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DC10 Vs L1011  
User currently offlinePennPal From United States of America, joined May 2004, 170 posts, RR: 0
Posted (7 years 5 months 1 week 3 days 15 hours ago) and read 10111 times:

As a big fan of tri-jets, I've always wondered how long the DC10 production run would have survived without the competition it got from the L1011, and vise-versa. Do you think McDD would still be building planes had it not been for the TriStar, and conversely, do you think Lockheed would still be in the commercial airplane business if the DC10 had not existed???

[Edited 2007-04-14 02:19:16]

[Edited 2007-04-14 02:20:24]

[Edited 2007-04-14 02:20:45]

39 replies: All unread, showing first 25:
 
User currently offlineConcordeBoy From , joined Dec 1969, posts, RR:
Reply 1, posted (7 years 5 months 1 week 3 days 14 hours ago) and read 10060 times:

Quoting PennPal (Thread starter):
Do you think McDD would still be building planes had it not been for the TriStar,

One of the primary reasons McDD floundered in the commercial sector was its failure to innovate, in the face of Boeing and Airbus' newer designs-- prefering speed to market over quality of performance.

One could argue that lack of competition would've only worsened thus.


User currently offlineTrijetsRMissed From United States of America, joined Oct 2006, 2353 posts, RR: 7
Reply 2, posted (7 years 5 months 1 week 3 days 14 hours ago) and read 9985 times:

Quoting PennPal (Thread starter):
As a big fan of tri-jets, I've always wondered how long the DC10 production run would have survived without the competition it got from the L1011, and vise-versa

I think without the L-1011 Douglas would have sold another 200 DC-10 frames easily. I do not think production would have lasted much longer than it did since the MD-11 was on its way. Rather, there would be less production fall-off post 1981, not counting the KC-10 of course. Maybe it would have bought MD some time which could have greatly benefited the MD-11 in the long run.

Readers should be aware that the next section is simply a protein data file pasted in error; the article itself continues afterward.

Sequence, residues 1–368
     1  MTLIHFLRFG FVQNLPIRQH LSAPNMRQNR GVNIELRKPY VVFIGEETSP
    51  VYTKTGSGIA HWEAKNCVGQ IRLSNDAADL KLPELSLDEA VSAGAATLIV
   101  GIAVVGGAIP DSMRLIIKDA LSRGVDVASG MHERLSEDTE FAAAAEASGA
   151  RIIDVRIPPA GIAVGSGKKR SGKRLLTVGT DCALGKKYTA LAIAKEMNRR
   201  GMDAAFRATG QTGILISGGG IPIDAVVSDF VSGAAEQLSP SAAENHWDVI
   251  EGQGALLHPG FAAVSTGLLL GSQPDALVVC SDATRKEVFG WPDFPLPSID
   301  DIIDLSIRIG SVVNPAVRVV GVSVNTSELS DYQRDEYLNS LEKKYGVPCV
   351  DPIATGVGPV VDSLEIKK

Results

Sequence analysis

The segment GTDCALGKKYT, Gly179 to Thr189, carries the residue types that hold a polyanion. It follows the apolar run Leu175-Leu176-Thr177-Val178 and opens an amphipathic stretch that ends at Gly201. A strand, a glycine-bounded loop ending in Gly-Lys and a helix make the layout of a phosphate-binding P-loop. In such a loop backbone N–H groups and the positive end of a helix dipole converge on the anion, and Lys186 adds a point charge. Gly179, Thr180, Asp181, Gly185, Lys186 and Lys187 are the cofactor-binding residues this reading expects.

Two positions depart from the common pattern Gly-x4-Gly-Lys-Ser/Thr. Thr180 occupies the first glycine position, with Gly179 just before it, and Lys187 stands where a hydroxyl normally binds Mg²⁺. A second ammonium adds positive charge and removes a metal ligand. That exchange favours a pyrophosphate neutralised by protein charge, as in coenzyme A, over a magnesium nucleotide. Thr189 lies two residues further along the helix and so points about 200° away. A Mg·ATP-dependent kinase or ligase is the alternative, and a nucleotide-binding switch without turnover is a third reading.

Likewise the L-1011 would have sold much more if it were not for the DC-10. Specifically the L-1011-500 would have been a greater success had it debuted without any competition from a DC-10-30. I don't think Lockheed would have continued making commercial airliners however since there was no narrow-body family.

Quoting ConcordeBoy (Reply 1):
One of the primary reasons McDD floundered in the commercial sector was its failure to innovate

In a way the company was its own worst enemy as the McDonnell management more or less sabotaged their product by not funding the needed R & D. In spite of that, MD was not behind Airbus in terms of sales for long. The plunge from 2nd to merger in the industry was fairly quick.



There's nothing quite like a tri-jet.
User currently offlineScalebuilder From , joined Dec 1969, posts, RR:
Reply 3, posted (7 years 5 months 1 week 3 days 14 hours ago) and read 9977 times:

Quoting PennPal (Thread starter):
Do you think McDD would still be building planes had it not been for the TriStar, and conversely, do you think Lockheed would still be in the commercial airplane business if the DC10 had not existed???

I do not think the McDD's DC-10 (or MD-11) ever brought the company down just because the L-1011 was offered. The MD-11 could possibly have been built today as a freighter, and this aircraft could have continued on a successful path. It was the failure and the lack of interest of the MD-90 and the MD-95 that finally brought reality to this company if you ask me.


User currently offlineLTU932 From Germany, joined Jan 2006, 13864 posts, RR: 50